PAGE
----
Alex Chavez asks his viewers to cradle life and death in the same hand with his bravado brushwork.
Born and raised in East Los Angeles, the Taos artist came from Mexican farm workers on his father’s side and a mother born in Valdez near the Taos Ski Valley. Chavez moved to Taos in 1996.
“I always felt more balanced and more centered here,” he said.
Chavez grew up with family Day of the Dead altars and cemetery visits where his parents would leave gifts for long-lost loved ones.
“I guess it was a little odd,” he said. “I didn’t know what to make of it except Halloween.”
Today, Chavez paints his own version of that Latin tradition. He shows his prints in “Other Worldly Delights” at Santa Fe’s Keep Contemporary and online at alexchavez.art.
Although Chavez’s images brim with life, they remain seductive reminders of its ephemeral nature. He injects more personality than bones into his portraits, with thick brushstrokes of vibrant color replacing sunken cheekbones.
Chavez began his artistic practice working with watercolors and acrylics. His medium changed to oils when he moved to Taos. At that time, he was painting portraits.
“I tried to get into a group of artists showing every Saturday at the (Santa Fe) Railyard,” he said. “I got declined and they said we’re not sure if people would buy paintings of people they didn’t know.”
An angry Chavez returned home and painted all of the portraits white. It was a turning point. A book about American cultural denial of death cemented his trajectory. He decided to create a series of Day of the Dead paintings without noticeable cultural references such as entangled roses and Latin costumes.
The result was a universal kind of mash up.
“I am not spiritual at all,” Chavez said. “As I turn 60, to me, it’s just contemplation of life. The one thing we have in common is death. I don’t believe in an afterlife and I don’t believe in ghosts. On a purely scientific basis, I can’t justify that.
“These are little reminders that life is not forever.”
His work explores the contradiction between being a nonbeliever painting in a spiritual oeuvre.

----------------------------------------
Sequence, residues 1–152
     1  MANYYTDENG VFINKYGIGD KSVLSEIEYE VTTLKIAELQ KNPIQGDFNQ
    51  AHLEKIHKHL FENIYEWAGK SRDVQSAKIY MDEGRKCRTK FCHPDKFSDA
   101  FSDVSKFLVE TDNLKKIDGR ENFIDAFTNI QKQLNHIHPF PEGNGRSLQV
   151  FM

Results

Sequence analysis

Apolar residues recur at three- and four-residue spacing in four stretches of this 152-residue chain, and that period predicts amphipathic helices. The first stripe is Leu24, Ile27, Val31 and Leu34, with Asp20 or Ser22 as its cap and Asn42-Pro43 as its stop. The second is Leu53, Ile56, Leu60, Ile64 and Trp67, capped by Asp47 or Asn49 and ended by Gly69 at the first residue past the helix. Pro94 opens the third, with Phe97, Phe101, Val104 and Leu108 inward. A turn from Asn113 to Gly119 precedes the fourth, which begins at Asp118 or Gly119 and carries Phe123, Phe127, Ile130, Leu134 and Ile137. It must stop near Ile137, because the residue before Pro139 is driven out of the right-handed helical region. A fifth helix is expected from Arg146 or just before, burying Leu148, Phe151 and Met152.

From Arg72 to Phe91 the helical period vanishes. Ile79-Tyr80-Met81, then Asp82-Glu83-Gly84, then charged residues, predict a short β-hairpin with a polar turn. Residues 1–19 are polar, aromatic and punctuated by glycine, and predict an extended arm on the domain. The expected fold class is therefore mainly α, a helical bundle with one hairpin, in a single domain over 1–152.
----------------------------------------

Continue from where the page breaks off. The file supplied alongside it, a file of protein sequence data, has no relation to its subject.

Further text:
Besides, he says he’s always been drawn to the Goth aesthetic.
“It’s a fine line to make them not look like zombies or ghouls,” he said.
“Ash Moon Rising” shows a skeletal Native American in full headdress.
“I did a Native American male figure from a photograph,” Chavez said. “I thought I’d just honor indigenous people.”
He created “Boheim,” with its crown of red roses, for Contemporary Spanish Market.
With her flowing hair and painted face, the woman in “Cold Breeze” appears more human than spectral. “Eternal” reveals a kissing couple in white makeup.
“I did another couple in a very long embrace,” Chavez said. “It’s the theme of eternal love. I’ve been married 28 years.”
“Marqioness” captures a proud Latina in bold splendor. It was a commission from the Keep gallery owner.
“Every time he asks me to do things, I take it as a challenge,” Chavez said. “He’s probably the only commissions I take.”
Chavez gestates his portraits by drawing across the canvas with oils because he likes the immediacy. He next sketches in a skeletal line drawing, constantly refining the image with thick brushstrokes.
“The surface has a textural quality,” he said. “I try to get a real gestural and spontaneous look to it.”
With Covid-19 cases rising, his work could almost be seen as “a premonition,” he acknowledged. Most of his group shows are cancelled. Día de los Muertos envelops his painting.
“It’s the time of the season when the living is more capable of communing with the dead,” he explained. “There’s always that poetic statement that the veil is thinnest this time of year.”
Chavez graduated from the College of Fine Arts, California State College in Fullerton.
His work hangs in Santa Fe’s Museum of International Folk Art as well as in the National Hispanic Cultural Center. “Breaking Bad” producers bought one of his pieces to hang in the hit TV series. He earned a blue ribbon for his work in the 2007 Contemporary Hispanic Market.